Whenever I speak with individuals about the topic of manners and
etiquette, I am invariably asked about some of the particular rules of
taking tea. The truth is that the main reason I personally love tea
parties so much is because the focus is on the companionship and relaxed
conversation. They can be quite relaxed affairs and are generally
easier to host than a dinner party...once we get over the fear of
falling short on some intimidating point of protocol!
From Cyndee S. Harrison
So here is a 'starter kit' of the finer points of etiquette that you'll
want to keep in mind whether you are the hostess or a guest of a tea
-A proper invitation will educate guests as to what to expect and prepare for, not just to tell them the time and place.
Perhaps you want your guests bring their favorite tea cup or wear a hat. This information needs to be communicated clearly in the invitation so as to avoid any embarrassing moments for you or your guests.
-While linen napkins are preferable for a formal tea, good quality small paper napkins are perfectly acceptable. (Trivia, at a good tea house, the server will place your cloth napkin in your lap for you!)
-Blot lipstick before drinking, avoiding leaving lip prints on the teacup or linens.
-If you must leave the table and are going to return, you place the napkin on the seat of your chair. When everyone has finished tea, the hostess signals the end of tea time by placing her napkin loosely to the left of the plate.
-The hostess guest of honor, if there is one, should not be stuck in the kitchen, but should be mingling and entertaining her guests while some special friends share the duties of "pourer".
-No pourer should be at her station for more than thirty minutes. She should fill the cup 3/4 full and then ask "Would you like sugar? One lump or two?" (always use cubed sugar) since sugar naturally dissolves easier in warmer tea. Then ask if they would also like milk or lemon-but NEVER milk and lemon together, as the lemon will curdle the milk. Serve milk with tea, not cream. Real cream has a tendency to react with the acidity level in the tea and it also tends to mask the flavor.
-Ideally, the lemon is served in thin slices which can be floated in the cup. If using wedges, provide a small lemon fork to squeeze lemon, then an extra saucer or bowl for discarded rind. Avoid floating large pieces of lemon in the cup.
-Once the tea has been poured, if it is a buffet, the guest then helps himself or herself to the refreshments. If the guests are seated and must wait to be served, the refreshments should be on their table in 3-tiered platters (savories on bottom, scones in the middle, and sweets on top) or presented in courses (savories, scones, sweets in that order) on silver trays.
-Curtains should be drawn if candles are lit during the day.
-Hold your tea cup by it's handle, using a bent index finger and thumb to 'pinch' the handle. Unlike the grasp used with a coffee mug, you never want to 'ring' your finger through the handle.
-Often, we hear 'pinkies up!', but the truth is that the last finger, like all of the other fingers, are simply curved inward. If, in the course of lifting your teacup to drink, your pinkie naturally extends, then it is perfectly correct to do so. If you purposely extend (or purposely inhibit) your pinkie, you're really over-thinking it!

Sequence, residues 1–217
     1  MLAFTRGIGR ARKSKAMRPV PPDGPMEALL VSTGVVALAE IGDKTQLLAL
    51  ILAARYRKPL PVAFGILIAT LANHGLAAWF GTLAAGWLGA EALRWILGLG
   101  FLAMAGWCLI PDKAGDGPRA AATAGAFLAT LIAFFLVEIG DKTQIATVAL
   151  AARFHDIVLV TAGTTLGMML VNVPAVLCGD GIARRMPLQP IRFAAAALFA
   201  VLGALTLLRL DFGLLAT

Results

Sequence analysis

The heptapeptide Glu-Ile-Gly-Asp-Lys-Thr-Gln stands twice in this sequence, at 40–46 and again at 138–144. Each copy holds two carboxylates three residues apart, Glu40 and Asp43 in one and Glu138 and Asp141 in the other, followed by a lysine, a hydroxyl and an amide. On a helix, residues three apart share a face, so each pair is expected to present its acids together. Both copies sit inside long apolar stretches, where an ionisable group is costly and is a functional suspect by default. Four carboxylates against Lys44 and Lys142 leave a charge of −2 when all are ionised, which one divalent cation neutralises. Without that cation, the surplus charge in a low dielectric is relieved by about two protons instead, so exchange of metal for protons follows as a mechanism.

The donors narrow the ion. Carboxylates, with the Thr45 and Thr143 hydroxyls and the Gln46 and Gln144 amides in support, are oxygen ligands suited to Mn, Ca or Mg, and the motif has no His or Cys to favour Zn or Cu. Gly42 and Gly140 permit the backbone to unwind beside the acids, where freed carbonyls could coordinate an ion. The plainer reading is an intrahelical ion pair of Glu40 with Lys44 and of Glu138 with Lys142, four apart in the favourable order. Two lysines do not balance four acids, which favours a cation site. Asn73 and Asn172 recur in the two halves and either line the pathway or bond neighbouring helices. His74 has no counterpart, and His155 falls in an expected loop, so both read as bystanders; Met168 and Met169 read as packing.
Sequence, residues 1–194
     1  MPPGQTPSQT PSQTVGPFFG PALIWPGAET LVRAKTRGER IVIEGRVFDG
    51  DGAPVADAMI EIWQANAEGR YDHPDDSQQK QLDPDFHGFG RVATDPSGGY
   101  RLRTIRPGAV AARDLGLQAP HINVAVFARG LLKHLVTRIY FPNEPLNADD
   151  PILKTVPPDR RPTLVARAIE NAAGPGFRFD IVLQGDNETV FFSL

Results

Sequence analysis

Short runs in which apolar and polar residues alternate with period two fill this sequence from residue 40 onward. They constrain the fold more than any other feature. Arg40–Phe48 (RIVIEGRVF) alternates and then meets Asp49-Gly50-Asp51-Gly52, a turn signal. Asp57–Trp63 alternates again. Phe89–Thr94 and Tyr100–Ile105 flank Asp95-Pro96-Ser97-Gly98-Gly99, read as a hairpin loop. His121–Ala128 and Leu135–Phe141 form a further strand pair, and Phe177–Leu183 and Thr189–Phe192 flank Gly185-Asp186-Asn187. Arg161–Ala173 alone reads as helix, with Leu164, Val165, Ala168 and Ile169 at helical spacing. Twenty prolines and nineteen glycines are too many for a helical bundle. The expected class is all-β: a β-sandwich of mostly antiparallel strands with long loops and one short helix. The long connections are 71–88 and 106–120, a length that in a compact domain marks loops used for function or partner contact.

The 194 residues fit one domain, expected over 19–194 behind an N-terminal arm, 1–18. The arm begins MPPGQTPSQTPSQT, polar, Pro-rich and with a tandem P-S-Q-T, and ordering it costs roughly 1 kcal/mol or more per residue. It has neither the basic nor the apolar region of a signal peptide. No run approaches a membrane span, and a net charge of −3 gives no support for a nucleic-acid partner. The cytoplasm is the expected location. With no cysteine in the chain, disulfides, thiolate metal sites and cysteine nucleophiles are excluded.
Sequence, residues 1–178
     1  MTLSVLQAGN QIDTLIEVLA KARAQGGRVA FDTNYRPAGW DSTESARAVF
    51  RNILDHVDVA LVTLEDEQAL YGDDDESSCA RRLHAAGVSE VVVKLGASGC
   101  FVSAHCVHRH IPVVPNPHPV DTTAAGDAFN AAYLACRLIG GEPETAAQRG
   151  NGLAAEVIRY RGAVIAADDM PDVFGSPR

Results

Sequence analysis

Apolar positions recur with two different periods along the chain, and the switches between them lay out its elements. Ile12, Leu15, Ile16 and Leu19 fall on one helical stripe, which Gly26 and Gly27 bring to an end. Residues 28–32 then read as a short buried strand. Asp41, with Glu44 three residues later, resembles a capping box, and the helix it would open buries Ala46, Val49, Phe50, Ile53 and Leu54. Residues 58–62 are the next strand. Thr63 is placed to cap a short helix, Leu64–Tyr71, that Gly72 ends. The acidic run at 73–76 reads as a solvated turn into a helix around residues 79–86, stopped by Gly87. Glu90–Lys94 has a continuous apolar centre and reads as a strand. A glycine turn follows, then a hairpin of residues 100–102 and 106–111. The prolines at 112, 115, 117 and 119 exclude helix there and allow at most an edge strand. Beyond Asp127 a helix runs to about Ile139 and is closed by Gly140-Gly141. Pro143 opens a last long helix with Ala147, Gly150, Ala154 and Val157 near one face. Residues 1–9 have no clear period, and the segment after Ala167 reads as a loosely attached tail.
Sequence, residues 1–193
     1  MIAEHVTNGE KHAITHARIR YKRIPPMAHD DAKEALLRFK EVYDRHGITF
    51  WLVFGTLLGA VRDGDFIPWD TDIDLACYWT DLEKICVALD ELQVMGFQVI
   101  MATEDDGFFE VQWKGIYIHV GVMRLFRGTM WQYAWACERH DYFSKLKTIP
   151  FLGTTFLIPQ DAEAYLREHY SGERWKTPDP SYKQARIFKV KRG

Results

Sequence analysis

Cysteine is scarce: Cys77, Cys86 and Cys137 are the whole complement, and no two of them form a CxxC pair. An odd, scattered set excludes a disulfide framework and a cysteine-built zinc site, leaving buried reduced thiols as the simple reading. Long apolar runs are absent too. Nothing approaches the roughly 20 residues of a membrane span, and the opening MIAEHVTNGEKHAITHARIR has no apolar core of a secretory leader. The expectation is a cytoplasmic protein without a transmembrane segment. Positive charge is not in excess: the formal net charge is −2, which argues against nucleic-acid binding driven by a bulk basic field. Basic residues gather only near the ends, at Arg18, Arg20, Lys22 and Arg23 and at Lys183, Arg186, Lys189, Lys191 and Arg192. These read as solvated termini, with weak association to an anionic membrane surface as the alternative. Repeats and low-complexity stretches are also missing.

-Gently swish the tea back and forth when stirring. Never leave your spoon upright in the cup and likewise, be sure not to sip your tea from the spoon as well. After stirring, return the spoon to the saucer, placing it quietly behind the cup, not in front. It should be on the right hand side of the saucer, behind the handle of the cup.
-If you are served hot water and a tea bag, allow the tea bag to rest in the water for approximately five minutes, avoiding dunking the bag (it doesn't really help the steeping process anyway) and REMOVE the teabag before drinking your tea.
-If you are standing or are seated away from a table, never lift the tea cup off the saucer when drinking, pick both up and lift the tea cup only when the saucer will remain a fairly short distance from the cup. If you are seated at a dining table, you may leave the saucer on the table.
-Remember that tea is to be sipped, not slurped and not used to wash down a large bite of food. Swallow your food before you sip your tea. One should always try a little of each course and while doing so avoid talking with his/her mouth full. That is why it is important to take dainty bites.
-When eating scones, you should follow the rules of eating any bread, eating only small bite-sized pieces at a time, with a dollop of jam first topped with cream. Once you have used your utensils, it is impolite to put them back on the table or re-use them to serve yourself more of the jam or cream, so be sure to rest them on the side of your plate.
-If tea is served buffet style, never put dirty plates, cups or accouterment back on the tea table. That goes for your napkin as well. Never put your napkin back on the table until you are ready to leave.
For more information on the history and tradition of tea, Cyndee recommends the book TEA TRAVELS by Ellen Easton with 48 pages of teatips, how to's, napkin folding-11 theme menus,including a heart healthy tea and 115 recipes. It is available from The Tea Party Company
About the Author:
Cyndee S. Harrison is a veteran teacher, mother of three, and etiquette instructor. Her business, The Tea Party Company, was established in 1999. She is dedicated to providing children and their families memorable, meaningful activities that both educate and entertain. Visit Miss Camellia's Tea Society Here or sign up for her free newsletter
by visiting here.